Veth Mam v. City of Fullerton et al

Filing 256

ORDER by Judge Josephine Staton Tucker: GRANTING IN PART AND DENYING IN PART DEFENDANT OFFICER KENTON HAMPTON'S MOTION FOR SUMMARY JUDGMENT (Doc. 72): (See document for details.) For the reasons set forth above the Court GRANTS Defendant's Motion as to the false arrest, malicious prosecution and conspiracy theories, but DENIES Defendant's Motion as to the First Amendment retaliation and excessive force theories. (rla)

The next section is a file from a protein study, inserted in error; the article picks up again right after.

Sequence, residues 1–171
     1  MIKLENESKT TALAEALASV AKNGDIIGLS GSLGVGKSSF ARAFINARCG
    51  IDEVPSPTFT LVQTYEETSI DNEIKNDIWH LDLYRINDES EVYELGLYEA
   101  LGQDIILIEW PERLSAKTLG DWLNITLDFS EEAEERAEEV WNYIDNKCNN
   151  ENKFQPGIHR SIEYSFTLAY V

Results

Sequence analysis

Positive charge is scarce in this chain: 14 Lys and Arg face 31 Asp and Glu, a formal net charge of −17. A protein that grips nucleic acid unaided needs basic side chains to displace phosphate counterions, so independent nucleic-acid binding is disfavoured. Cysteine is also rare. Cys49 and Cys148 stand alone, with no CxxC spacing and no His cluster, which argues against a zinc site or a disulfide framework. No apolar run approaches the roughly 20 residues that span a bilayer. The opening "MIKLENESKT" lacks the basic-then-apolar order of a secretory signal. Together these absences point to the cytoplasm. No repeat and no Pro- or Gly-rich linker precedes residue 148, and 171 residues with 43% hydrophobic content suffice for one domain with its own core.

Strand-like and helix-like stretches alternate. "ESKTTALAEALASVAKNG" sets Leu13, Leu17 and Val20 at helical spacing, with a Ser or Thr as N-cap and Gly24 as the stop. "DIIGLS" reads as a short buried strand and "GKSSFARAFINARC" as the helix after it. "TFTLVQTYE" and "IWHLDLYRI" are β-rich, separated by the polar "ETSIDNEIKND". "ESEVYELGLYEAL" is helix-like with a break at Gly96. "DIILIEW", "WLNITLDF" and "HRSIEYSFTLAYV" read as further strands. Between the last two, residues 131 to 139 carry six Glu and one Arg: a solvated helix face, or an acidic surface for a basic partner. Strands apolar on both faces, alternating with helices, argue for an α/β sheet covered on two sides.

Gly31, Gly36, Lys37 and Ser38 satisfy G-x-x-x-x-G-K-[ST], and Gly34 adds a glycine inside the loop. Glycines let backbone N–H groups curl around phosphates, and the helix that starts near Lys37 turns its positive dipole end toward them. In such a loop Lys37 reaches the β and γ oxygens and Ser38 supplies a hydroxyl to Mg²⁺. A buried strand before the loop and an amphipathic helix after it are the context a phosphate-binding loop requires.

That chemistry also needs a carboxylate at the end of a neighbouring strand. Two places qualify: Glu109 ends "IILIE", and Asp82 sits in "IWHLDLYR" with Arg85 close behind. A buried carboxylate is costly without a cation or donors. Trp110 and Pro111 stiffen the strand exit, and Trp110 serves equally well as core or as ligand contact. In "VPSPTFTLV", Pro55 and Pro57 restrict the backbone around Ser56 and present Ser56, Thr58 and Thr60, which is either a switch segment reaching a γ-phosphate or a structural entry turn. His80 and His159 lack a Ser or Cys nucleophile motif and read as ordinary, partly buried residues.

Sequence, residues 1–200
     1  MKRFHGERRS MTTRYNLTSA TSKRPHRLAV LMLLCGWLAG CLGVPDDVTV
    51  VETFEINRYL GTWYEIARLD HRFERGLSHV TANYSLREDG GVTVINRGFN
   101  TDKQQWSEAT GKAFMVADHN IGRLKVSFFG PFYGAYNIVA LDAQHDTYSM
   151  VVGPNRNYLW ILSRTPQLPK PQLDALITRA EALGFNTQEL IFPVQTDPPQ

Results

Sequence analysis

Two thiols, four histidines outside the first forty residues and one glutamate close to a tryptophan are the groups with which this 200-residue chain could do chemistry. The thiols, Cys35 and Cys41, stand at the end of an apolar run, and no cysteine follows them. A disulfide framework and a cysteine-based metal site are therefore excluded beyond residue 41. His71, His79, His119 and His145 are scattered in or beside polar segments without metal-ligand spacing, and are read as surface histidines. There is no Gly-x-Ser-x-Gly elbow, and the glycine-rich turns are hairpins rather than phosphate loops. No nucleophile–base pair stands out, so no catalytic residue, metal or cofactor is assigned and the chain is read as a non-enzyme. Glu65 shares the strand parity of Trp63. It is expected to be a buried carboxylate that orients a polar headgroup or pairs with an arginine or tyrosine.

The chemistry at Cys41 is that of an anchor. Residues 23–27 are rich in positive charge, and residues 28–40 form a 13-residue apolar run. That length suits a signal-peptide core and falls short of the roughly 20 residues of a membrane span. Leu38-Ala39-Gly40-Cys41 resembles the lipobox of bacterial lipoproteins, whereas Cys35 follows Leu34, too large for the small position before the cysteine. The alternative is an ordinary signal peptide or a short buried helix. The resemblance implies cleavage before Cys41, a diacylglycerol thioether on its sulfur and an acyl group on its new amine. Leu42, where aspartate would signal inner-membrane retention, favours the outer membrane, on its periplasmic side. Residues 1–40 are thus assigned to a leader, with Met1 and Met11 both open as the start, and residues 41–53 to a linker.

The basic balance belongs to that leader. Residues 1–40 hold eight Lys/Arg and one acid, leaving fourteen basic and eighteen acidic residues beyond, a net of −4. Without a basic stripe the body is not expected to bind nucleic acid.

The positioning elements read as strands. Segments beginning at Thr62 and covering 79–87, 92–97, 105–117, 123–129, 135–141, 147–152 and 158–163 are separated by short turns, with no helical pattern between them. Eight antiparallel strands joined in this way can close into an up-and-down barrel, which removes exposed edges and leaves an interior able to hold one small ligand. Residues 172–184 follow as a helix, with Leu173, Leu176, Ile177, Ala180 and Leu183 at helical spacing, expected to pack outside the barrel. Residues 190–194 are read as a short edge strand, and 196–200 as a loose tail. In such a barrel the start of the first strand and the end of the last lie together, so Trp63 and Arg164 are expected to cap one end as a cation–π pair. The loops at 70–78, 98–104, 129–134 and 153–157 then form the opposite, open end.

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O 1 2 3 4 5 6 7 8 UNITED STATES DISTRICT COURT 9 CENTRAL DISTRICT OF CALIFORNIA 10 11 VETH MAM, 12 CASE NO. 8:11-cv-1242-JST (MLGx) Plaintiff, 13 14 vs. ORDER GRANTING IN PART AND DENYING IN PART DEFENDANT OFFICER KENTON HAMPTON’S MOTION FOR SUMMARY JUDGMENT (Doc. 72) 15 CITY OF FULLERTON, et al., 16 Defendants. 17 18 19 20 21 22 23 24 25 26 27 28 1 1 Before the Court is Motion for Summary Judgment, or in the Alternative, 2 Summary Adjudication of Issues (“Motion”) filed by Defendant Officer Kenton 3 Hampton. (Mot., Doc. 72.) Plaintiff Veth Mam filed an opposition, and 4 Defendant replied. (Opp’n, Doc. 171; Reply, Doc. 194.) Having reviewed the 5 papers and considered the arguments of counsel at the hearing, the Court 6 GRANTS IN PART and DENIES IN PART Defendant’s Motion. 7 8 9 I. Background This case for violation of civil rights pursuant to 42 U.S.C. §1983 arises out 10 of Mam’s arrest and subsequent prosecution. After patronizing various bars, Mam 11 and his friends exited Ziing’s Night Club in Fullerton, California, at 12 approximately 2:00 a.m. on October 23, 2010. (Def.’s Statement of 13 Uncontroverted Facts (“SUF”) ¶¶ 1-3, Doc. 72-1.) 14 Meanwhile, Fullerton Police Department Officer Jonathan Miller was sitting 15 in his patrol car near Ziing’s in a parking lot adjacent to West Amerige Avenue. 16 (SUF ¶ 4.) Miller noticed two males engaged in a verbal argument, and he began 17 driving his patrol car towards the individuals. (SUF ¶¶ 4-5.) While en route, 18 Miller made contact with Sokha Leng while Leng’s car was stopped. (See SUF ¶¶ 19 6,7.) At some point, Leng got out of his car and began interacting with Miller. 20 (See Pl.’s Ex. 17 (Khorn Leng Decl.) ¶ 7), Doc. 170-14.) Miller could smell 21 alcohol on Leng’s breath. (SUF ¶ 7.) 22 The parties dispute the genesis of the altercation between Miller and Leng 23 (and whether Leng struck Miller with his fist), but—in any event—Miller grabbed 24 Leng and the two began to physically scuffle. (SUF ¶¶ 8-9; Pl.’s Resp. Def.’s 25 Statement of Uncontroverted Facts (“SGI”) ¶ 9, Doc. 172.) 26 The altercation drew the attention of a crowd of bar patrons. (SUF ¶ 14.) 27 Several Fullerton Police Department (“FPD”) officers were called to assist, (SUF 28 2 1 ¶ 15), and at some point, Defendants Officer Frank Nguyen and Officer Kenton 2 Hampton arrived on the scene. (SUF ¶¶ 24, 32.) When Hampton arrived on the 3 scene, he was concerned that the “crowd” of approximately five to seven people 4 “could possibly interfere” with Miller’s arrest of Sokha Leng. (SGI ¶¶ 116-117.) 5 Officer Nguyen removed someone from Miller’s back and pushed that 6 suspect aside. (SGI ¶ 20.) 7 In an effort to record the struggle between Miller and Leng, Mam moved in 8 close to the scuffle and began videotaping the incident on his cell phone. (SUF ¶ 9 12.) Nguyen instructed Mam twice to “back off.” (SUF ¶ 24.) He then instructed 10 Mam to “back up” a few more times. (SGI ¶¶ 28, 30, 31, 34, 35, 37; Ex. A1 11 (“Mam Video”) at 0:57-1:06, Doc. 72-5.) 12 Hampton then pointed his finger at Mam and other crowd members and 13 twice ordered them to “get back.” (SGI ¶¶ 41, 43.) The parties dispute whether 14 Mam was too close to Miller, and whether he (Mam) kept advancing after Officer 15 Hampton’s instructions to back up. (See SGI ¶¶ 18, 21, 23, 26, 27, 33, 36, 38.) 16 However, Mam does not argue that he in fact complied with the orders to move 17 back. Hampton then pushed a crowd member back and grabbed at Mam. (Mam 18 Video at 0:57-1:06.) Hampton seized Mam by the arm and in the process knocked 19 the cell phone out of Mam’s hands—whether this was intentional or unintentional 20 is in dispute. Hampton then led Mam to the police car, took him down with a “leg 21 sweep,” and handcuffed him. (Mam Video at 1:00-1:30; SUF ¶ 47; SGI ¶ 47.) 22 After the phone was knocked out of Mam’s hands, Densery Tim—a friend of 23 Mam—picked up the cell phone and resumed recording the incident. (SUF ¶ 55.) 24 Hampton left Mam in handcuffs, face down on the ground, for about three 25 to five minutes while he assisted his fellow officers with crowd control. (SUF ¶ 26 64.) Eventually, one or more of the officers was able to subdue, and arrest, Leng. 27 (SUF ¶ 65.) 28 3 1 Hampton did not prepare or submit a police report concerning his detention 2 of Mam for violating California Penal Code section 148(a).1 (SUF ¶ 70.) 3 Hampton later testified in deposition that Nguyen had informed him (Hampton) at 4 the scene that Mam may have been involved in an attack on Officer Miller; 5 however, Nguyen testified at deposition that he did not identify Mam at the scene, 6 nor had he indicated to anyone, while at the scene, that Mam had been involved in 7 an attack on Miller. (Compare SUF ¶ 68 with SGI ¶ 68.) 8 After Mam was handcuffed, he was placed in the back of a police vehicle 9 and eventually transported to Fullerton jail by Officer Ricardo Reynoso and 10 Corporal Daniel Solorio. (SUF ¶ 73.) Based on information he received from 11 Nguyen, Sergeant Diaz told Reynoso to book Mam for violating Penal Code 12 sections 148(a) (resisting, delaying, or obstructing an officer), 241(c) (assault 13 against a peace officer), 243(b) (battery against a peace officer), and 405a 14 (lynching). 2 (SUF ¶ 74.) 15 After being transferred to the county jail, where he was booked and 16 processed, Mam was released from custody on Sunday, October 24, 2010. (SUF ¶ 17 75.) On November 17, 2010, the Orange County District Attorney (“OCDA”) 18 filed a criminal Complaint against Mam and Sokha Leng, charging them both with 19 violating Penal Code sections 241(c), 243(b), and 148(a). (SUF ¶ 76.) Mam and 20 Leng were jointly tried before a jury in July 2011. (SUF ¶ 77.) The jury acquitted 21 Mam of all three charges, while it convicted Leng of all three charges. (SUF ¶¶ 22 84-85.) 23 24 25 1 All further references to the “Penal Code” are to the California Penal Code. “The taking by means of a riot of any person from the lawful custody of any peace 26 officer is a lynching.” Cal. Penal Code § 405a. 2 27 28 4 1 Based on the foregoing, Mam filed a Complaint in this Court on August 19, 2 2011, asserting the following claims against Officer Hampton: violation of 42 3 U.S.C. § 1983 (excessive force, false arrest, malicious prosecution, and 4 conspiracy); violation of 42 U.S.C. § 1985(2); violation of 42 U.S.C. 1985(3); and 5 violation of 42 U.S.C. § 1986. (Compl., Doc. 1.) On February 13, 2012, the 6 Court granted in part Hampton’s motion to dismiss, dismissing all but the § 1983 7 claim. (See Order at 11-12, Doc. 36.) Hampton now moves for summary 8 judgment on the § 1983 claim. (See Mot.) 9 10 11 II. Legal Standard In deciding a motion for summary judgment, the court must view the 12 evidence in the light most favorable to the non-moving party and draw all 13 justifiable inferences in its favor. Anderson v. Liberty Lobby, Inc., 477 U.S. 242, 14 255 (1986). “The court shall grant summary judgment if the movant shows that 15 there is no genuine dispute as to any material fact and the movant is entitled to 16 judgment as a matter of law.” Fed. R. Civ. P. 56(a). A factual issue is “genuine” 17 when there is sufficient evidence such that a reasonable trier of fact could resolve 18 the issue in the non-movant’s favor, and an issue is “material” when its resolution 19 might affect the outcome of the suit under the governing law. Anderson, 477 U.S. 20 at 248. 21 “A party asserting that a fact cannot be or is genuinely disputed must 22 support the assertion by” citing to particular materials in the record or showing 23 that the materials cited do not establish that absence or presence of a genuine 24 dispute. Fed. R. Civ. P. 56(c)(1). Reference to the record may include citation to 25 “depositions, documents, electronically stored information, affidavits or 26 declarations, stipulations (including those made for purposes of the motion only), 27 admissions, interrogatory answers, or other materials.” Fed. R. Civ. P. 28 5 1 56(c)(1)(A). The moving party bears the initial burden of demonstrating the 2 absence of a genuine issue of fact. Celotex Corp. v. Catrett, 477 U.S. 317, 323 3 (1986). The burden then shifts to the non-moving party to set out specific facts 4 showing a genuine issue for trial. Id. 5 6 III. Discussion 7 Officer Hampton moves for summary judgment on Mam’s § 1983 claim, 8 under all theories—false arrest, First Amendment retaliation, excessive force, and 9 conspiracy.3 (See Mot.) The Court reviews the theories in turn. 10 A. False Arrest 11 Mam’s first theory of recovery under § 1983 is false arrest; he contends that 12 Hampton lacked probable cause to arrest him. “A claim for unlawful arrest is 13 cognizable under § 1983 as a violation of the Fourth Amendment, provided the 14 arrest was without probable cause or other justification.” Dubner v. City & Cnty. 15 of San Francisco, 266 F.3d 959, 964 (9th Cir. 2001). Moreover, an officer’s 16 “subjective reason for making the arrest need not be the criminal offense as to 17 which the known facts provide probable cause.” Devenpeck v. Alford, 543 U.S. 18 146, 153 (2004). 19 Here, Hampton has shown that there is no dispute as to any material facts 20 concerning probable cause for Mam’s arrest—such probable cause existed.4 Penal 21 Code section 148 provides: 22 Every person who willfully resists, delays, or obstructs any public officer [or] peace officer . . . in the discharge or attempt to discharge 23 24 25 3 Plaintiff’s counsel made clear at the hearing that Mam was not asserting a claim for malicious prosecution against Hampton. 4 26 At the hearing, Hampton’s counsel conceded that—for purposes of this Motion— there is no relevant distinction between referring to Hampton’s seizure of Mam as a 27 “detention” or “arrest.” 28 6 1 2 3 any duty of his or her office or employment, when no other punishment is prescribed, shall be punished by a fine not exceeding one thousand dollars ($1,000), or by imprisonment in a county jail not to exceed one year, or by both that fine and imprisonment. 4 Penal Code § 148(a)(1). 5 “Under California Penal Code § 148(a)(1), ‘[t]he legal elements of a 6 violation . . . are as follows: (1) the defendant willfully resisted, delayed, or 7 obstructed a peace officer, (2) when the officer was engaged in the performance of 8 his or her duties, and (3) the defendant knew or reasonably should have known 9 that the other person was a peace officer engaged in the performance of his or her 10 duties.’” Smith v. City of Hemet, 394 F.3d 689, 695 (9th Cir. 2005) (quoting In re 11 Muhammed C., 95 Cal. App. 4th 1325, 1329 (2002) (citations omitted)). 12 The public does have a First Amendment right to criticize the police— 13 including using profanities and obscene gestures—without getting arrested for 14 such conduct. See, e.g., City of Houston v. Hill, 482 U.S. 451 (1987); Duran v. 15 City of Douglas, 904 F.2d 1372, 1377 (9th Cir. 1989). Thus, the Ninth Circuit has 16 held that “verbal protests [can] not support an arrest under § 148.” Mackinney v. 17 Nielsen, 69 F.3d 1002, 1007 (9th Cir. 1995). However, “a person [may not] avoid 18 arrest or conviction for the conduct of refusing to comply with a police order to 19 move back during an arrest.” Sorgen v. City and Cnty. of San Francisco, No. C 20 05-03172 THE, 2006 WL 2583683, at *5 (N.D. Cal. Sept. 7, 2006). See U.S. v. 21 Poocha, 259 F.3d 1077, 1082-83 (9th Cir. 2001) (bystander could not be 22 convicted for yelling obscenities at law enforcement but could be convicted of 23 defying order to leave scene of arrest). 24 The police have a right to secure the vicinity around an arrest they are 25 effecting. Thus, refusing to move back pursuant to an order of a peace officer is a 26 violation of Penal Code section 148(a)(1). In re Muhammed C. is instructive on 27 this point. The defendant, a juvenile, was convicted for violating Penal Code 28 7 1 section 148. In that case police officers had arrested Richard Robinson on drug 2 charges and placed him in the back of a squad car. In re Muhammed C., 95 Cal. 3 App. 4th at 1328. The back window of the squad car was partially down, and the 4 juvenile “approached the back of the patrol car and spoke to Robinson.” Id. One 5 of the officers ordered the defendant to move away, and then the other officer did 6 as well. At that point, the juvenile raised his hand toward the officers. Id. The 7 officers then ordered him to get away from the car again. Id. Finally, they 8 arrested him. Id. The panel of the California court of appeal affirmed the 9 conviction: “Here a reasonable inference could be drawn that appellant willfully 10 delayed the officers’ performance of duties by refusing the officers’ repeated 11 requests that he step away from the patrol car . . . .” Id. at 1330. In short, refusing 12 to back away from an arrestee after the police have ordered one to do so is a 13 violation of Penal Code section 148. The Mam Video clearly shows that Mam was very close5 to the arrest of 14 15 Sokha Leng, and that Officer Nguyen ordered him (and presumably others) to “get 16 back” multiple times.6 Officer Hampton then issued two more orders to “get 17 back” before seizing Mam. Mam’s reliance on People v. Quiroga, 16 Cal. App. 18 4th 961 (1993)—for the proposition that the mere failure to respond to an officer’s 19 command with “alacrity” is not a violation of section 148—is misplaced. Mam 20 ignored multiple orders to get back, and he never complied. His arrest is therefore 21 not actionable under § 1983 because probable cause existed to arrest him for 22 5 It is undisputed that Mam’s cell phone did not have “the capability to zoom while 23 videotaping.” (SUF ¶ 13.) 6 The Court can rely on the indisputable portions of the videos the parties submitted 24 as evidence. See Briley v. City of Hermosa Beach, No. CV 05-8127 AG (SHx), 2008 25 WL 4443895, at *1 (C.D. Cal. Sept. 29, 2008) (citing Scott v. Harris, 550 U.S. 372, 380 (2007) (“When opposing parties tell two different stories, one of which is blatantly 26 contradicted by [a video], so that no reasonable jury could believe, a court should not adopt that version of the facts for purposes of ruling on a motion for summary 27 judgment.”) (alteration in original). 28 8 1 violating Penal Code section 148(a)(1) based on his refusal to withdraw from the 2 immediate vicinity of the arrest. See Young v. Cnty. of Los Angeles, 655 F.3d 3 1156, 1170 (9th Cir. 2011) (“Young was not arrested for protesting prior to 4 complying with Deputy Wells’s order to reenter his truck, but for failing 5 altogether to comply with the order.”); Sorgen v. City and Cnty. of San Francisco, 6 No. C 05-03172 TEH, 2006 WL 2583683, at *5 (N.D. Cal. Sept. 7, 2006) 7 (holding that Quiroga’s “slow to reply” doctrine does not apply in case where 8 plaintiff never complied). 9 Even assuming, arguendo, that Hampton’s arrest of Mam lacked probable 10 cause, Hampton would be entitled to qualified immunity. “Qualified immunity 11 shields federal and state officials from money damages unless a plaintiff pleads 12 facts showing (1) that the official violated a statutory or constitutional right, and 13 (2) that the right was ‘clearly established’ at the time of the challenged conduct.” 14 Ashcroft v. al-Kidd, --- U.S. ----, 131 S. Ct. 2074, 2080 (2011). This Court has 15 discretion to decide which of the two prongs of qualified-immunity analysis to 16 tackle first. See Pearson v. Callahan, 555 U.S. 223, 236 (2009). The doctrine 17 protects “all but the plainly incompetent or those who knowingly violate the law.” 18 Hunter v. Bryant, 502 U.S. 224, 229 (1991) (internal quotation marks and citation 19 omitted). This is an immunity from suit, not liability. See Mitchell v. Forsyth, 20 472 U.S. 511, 526 (1985). 21 In this case, the second prong calls for the Court to determine “whether a 22 reasonable officer could have believed that probable cause existed to arrest the 23 plaintiff.” Franklin v. Fox, 312 F.3d 423, 437 (9th Cir. 2002) (internal citations 24 and quotation marks omitted). In light of the perimeter the officers were trying to 25 maintain around the arrest of Leng, a reasonable officer could have believed that 26 probable cause existed to arrest Mam for refusing get back after repeated orders to 27 that effect. 28 9 1 2 3 The Motion is GRANTED as to this theory of Mam’s § 1983 claim. B. First Amendment Retaliation Mam next asserts that he was retaliated against for exercising his First 4 Amendment right to film the acts of the police in public—namely the Leng arrest. 5 (See Opp’n at 3-4.) Both parties acknowledge that, in general, individuals do 6 enjoy a First Amendment right to film matters of public interest. See Fordyce v. 7 City of Seattle, 55 F.3d 436, 439 (9th Cir. 1995); see also Glik v. Cunniffe, 655 8 F.3d 78, 82 (1st Cir. 2011) (holding that the First Amendment protects the right of 9 people to “videotape police carrying out their duties in public”). Mam argues that 10 he was arrested in retaliation for filming Leng’s arrest on his cell phone. 11 “In this Circuit, an individual has a right ‘to be free from police action 12 motivated by retaliatory animus but for which there was probable cause.’” Ford 13 v. City of Yakima, --- F.3d ----, 11-35319, 2013 WL 485233, at *4 (9th Cir. Feb. 8, 14 2013) (quoting Skoog v. Cnty. of Clackamas, 469 F.3d 1221, 1235 (9th Cir. 15 2006)). “In order to establish a claim of retaliation in violation of the First 16 Amendment, [Mam’s] evidence must demonstrate that [Hampton’s] conduct 17 would chill a person of ordinary firmness from future First Amendment activity. 18 See Skoog, 469 F.3d at 1231-32. In addition, the evidence must enable [Mam] 19 ultimately to prove that the [Hampton’s] desire to chill his speech was a but-for 20 cause of [Hampton’s] allegedly unlawful conduct.” Ford, 2013 WL 485233, at *4 21 (citing Lacey, 693 F.3d at 916-17). 22 Mam’s evidence is sufficient to meet the chilled-speech element because the 23 Ninth Circuit has expressly held “that a retaliatory police action such as an arrest 24 or search and seizure would chill a person of ordinary firmness from engaging in 25 future First Amendment activity.” Ford, 2013 WL 485233, at *4. 26 The question is whether causation is met here. As explained above, the 27 video indisputably reveals that Mam was ordered multiple times to get back 28 10 1 before he was ultimately arrested. (See Mam Video at 0:23-1:04.) Although 2 Mam was not ordered by any FPD officer to put his camera away, or to turn off 3 his camera, (SUF ¶¶ 52-53), the video clearly shows that Hampton seizes Mam, as 4 opposed to any other person near Mam, and that only Mam audibly announces 5 that he is recording the Leng struggle. Based on the record before the Court, the 6 only difference between Mam and those near him was the cell phone being used 7 to record. Moreover, the manner in which Mam was forced to the ground by a leg 8 sweep is also circumstantial evidence of some animus towards Mam. Thus, a 9 rational trier of fact could conclude that Hampton’s seizure of Mam, though 10 supported by probable cause, was motivated by Mam’s videotaping—a protected 11 activity. 12 Hampton argues at length in his Motion that he is also entitled to qualified 13 immunity on this claim in light of the Supreme Court’s recent decision in Reichle 14 v. Howards, --- U.S. ----, 132 S. Ct. 2088 (2012). However, the Ford decision 15 makes it apparent that Reichle has not cast doubt on the Ninth Circuit’s prior 16 precedents holding that retaliatory arrests supported by probable cause are 17 actionable under § 1983. See Ford, 2013 WL 485233, at *3. 18 19 20 The Motion is DENIED as to this theory of Mam’s § 1983 claim. C. Excessive Force Mam’s next § 1983 theory is that Hampton exercised excessive force 21 against him, in violation of his Fourth Amendment rights. “[A]ll claims that law 22 enforcement officers have used excessive force—deadly or not—in the course of 23 an arrest . . . should be analyzed under the Fourth Amendment and its 24 ‘reasonableness’ standard.” Graham v. Connor, 490 U.S. 386, 395 (1989) 25 (emphasis omitted); see also Smith v. City of Hemet, 394 F.3d 689, 700 (9th Cir. 26 2005) (en banc) (“A Fourth Amendment claim of excessive force is analyzed 27 under the framework outlined by the Supreme Court in Graham v. Connor . . . .”). 28 11 1 To determine whether a defendant’s use of force was reasonable under the 2 Fourth Amendment, courts must balance “the nature and quality of the intrusion 3 of the individual’s Fourth Amendment interests against the countervailing 4 governmental interests at stake.” Graham, 490 U.S. at 396 (citing Tennessee v. 5 Garner, 471 U.S. 1, 8 (1985)). This analysis “requires careful attention to the 6 facts and circumstances of each particular case, including the severity of the crime 7 at issue, whether the suspect poses an immediate threat to the safety of the officers 8 or others, and whether he is actively resisting arrest or attempting to evade arrest 9 by flight.” Id. Moreover, the Ninth Circuit has held that courts may also consider 10 “the availability of alternative methods of capturing or subduing a suspect” and an 11 officer’s failure to warn a person before using force. Smith, 394 F.3d at 701, 703 12 (“In some cases . . . the availability of alternative methods of capturing or 13 subduing a suspect may be a factor to consider.”); Bryan v. MacPherson, 630 F.3d 14 805, 831 (9th Cir. 2009) (holding that courts may consider failure to warn, as well 15 as “other tactics if any were available to effect the arrest”). 16 The “reasonableness inquiry in an excessive force case is an objective one” 17 and courts will attempt to determine whether the “officers’ actions are ‘objectively 18 reasonable’ in light of the facts and circumstances confronting them.” Smith, 394 19 F.3d at 701 (internal quotation marks omitted). “A simple statement by an officer 20 that he fears for his safety or the safety [of] others is not enough; there must be 21 objective factors to justify such a concern.” Bryan, 630 F.3d at 826 (quoting 22 Deorle v. Rutherford, 272 F.3d 1272, 1281 (9th Cir. 2001)). An officer’s 23 unreasonable factual mistake can lead to a Fourth Amendment violation. See 24 Torres v. City of Madera, 648 F.3d 1119, 1127 (9th Cir. 2011) (reversing 25 summary judgment because officer’s mistake of fact was unreasonable). 26 27 28 12 1 The Court cannot conclude that the force Hampton applied in taking Mam 2 down with a leg sweep and handcuffing him on the ground was objectively 3 reasonable. (See Mam Video at 0:58 – 1:10; Pl.’s Ex. 15 at 0:19-0:29, Doc. 177.) 4 Hampton points out that Mam was never struck with an object, tased, or 5 sprayed with pepper spray, (SUF ¶¶ 61-63), and that Mam never sought medical 6 attention for any physical injuries he may have suffered as a result of the incident. 7 (SUF ¶ 86.) However, none of this is dispositive: Hampton has provided no 8 authority for the proposition that physical injury necessitating medical treatment is 9 a prerequisite to a claim for excessive force. 10 The factors the Ninth Circuit has identified also militate against granting 11 summary judgment on this claim. First, the severity of the crime at issue weighs 12 against the need to drop a suspect to the ground. Second, while Hampton may 13 have reasonably believed that Mam (or any other member of the crowd) may have 14 posed a threat to Miller, he led Mam away from the crowd, so there is no evidence 15 before the Court that demonstrates that Hampton could not have at least attempted 16 to peacefully handcuff Mam, on the ground or while standing. On the video, 17 Mam is not seen resisting or avoiding arrest in any way. And again, there may 18 have been another way to handcuff Mam, especially after Mam was led from the 19 crowd. 20 21 22 The Motion is DENIED as to this theory of Mam’s § 1983 claim. D. Conspiracy to Violate Civil Rights “To establish liability for a conspiracy in a § 1983 case, a plaintiff must 23 demonstrate the existence of an agreement or meeting of the minds to violate 24 constitutional rights.” Crowe v. Cnty. of San Diego, 608 F.3d 406, 440 (9th Cir. 25 2010) (internal citations and quotation marks omitted). “Such an agreement need 26 not be overt, and may be inferred on the basis of circumstantial evidence such as 27 the actions of the defendants.” Id. “However, the evidence adduced must 28 13 1 demonstrate more than the mere fact that two people did or said the same thing; 2 the evidence must actually point to an agreement.” Myers v. City of Hermosa 3 Beach, 299 F. App’x 744, 747 (9th Cir. 2008) (citing Margolis v. Ryan, 140 F.3d 4 850, 853 (9th Cir. 1998); Ting v. United States, 927 F.2d 1504, 1512-13 (9th Cir. 5 1991)). 6 Hampton has met his initial burden of demonstrating the absence of a 7 material fact as to Mam’s conspiracy claim by pointing to the lack of evidence 8 that Hampton conspired with any of his fellow officers. (See Mot. at 16-17.) As 9 explained above, the burden thus shifts to Mam. 10 In support of his conspiracy claim, Mam contends that “Hampton and the 11 other Officer Defendants submitted false police reports to obscure Hampton’s 12 actions and justify Plaintiff’s arrest,” (Opp’n at 12), relying on the undisputed fact 13 that Hampton’s police report does not discuss the Mam incident. (SUG ¶ 69; SGI 14 ¶ 69.) This evidence alone—the silence of Hampton’s report on the Mam 15 incident—is insufficient evidence from which a reasonable jury could infer a tacit 16 agreement between Hampton and his fellow officers. 17 Mam also points to Nguyen’s deposition testimony that he told Reynoso 18 (because Reynoso was doing the booking) that Mam was the one who attacked 19 Officer Miller. (See Opp’n at 11 (citing SGI ¶ 135).) Even if that is sufficient 20 evidence of a meeting of the minds between Reynoso and Nguyen, it is not 21 evidence of a conspiracy between Hampton and Nguyen. He further relies on 22 alleged false testimony of Miller and Nguyen at Mam’s trial, but again he has not 23 brought forth circumstantial evidence of a tacit agreement between Hampton and 24 any of the other officers.7 25 26 7 Finally, he relies on assertion that Hampton “assaulted Plaintiff and arrested him without probable cause.” (Opp’n at 12.) However, as explained above, Hampton had 27 probable cause to arrest Mam. 28 14 1 When asked at the hearing what evidence Mam had of Hampton’s 2 involvement in a conspiracy, Mam’s counsel replied that Hampton misled Deputy 3 District Attorney Rebecca Reed in withholding from her the fact that he, not 4 Nguyen, was the arresting officer. However, neither Plaintiff’s Response to 5 Defendant’s Statement of Uncontroverted Facts nor his Opposition mentions this 6 contention. (See also SGI ¶ 81 (not disputing Hampton’s characterization that 7 Hampton responded “honestly and truthfully” to Reed’s questions about 8 Hampton’s involvement in the incident).) 9 Hampton’s Motion is GRANTED as to this theory of Mam’s § 1983 claim. 10 11 IV. Conclusion 12 For the reasons set forth above the Court GRANTS Defendant’s Motion as 13 to the false arrest, malicious prosecution and conspiracy theories, but DENIES 14 Defendant’s Motion as to the First Amendment retaliation and excessive force 15 theories. 16 17 18 19 DATED: March 12, 2013 _________________________________________ JOSEPHINE STATON TUCKER UNITED STATES DISTRICT JUDGE 20 21 22 23 24 25 26 27 28 15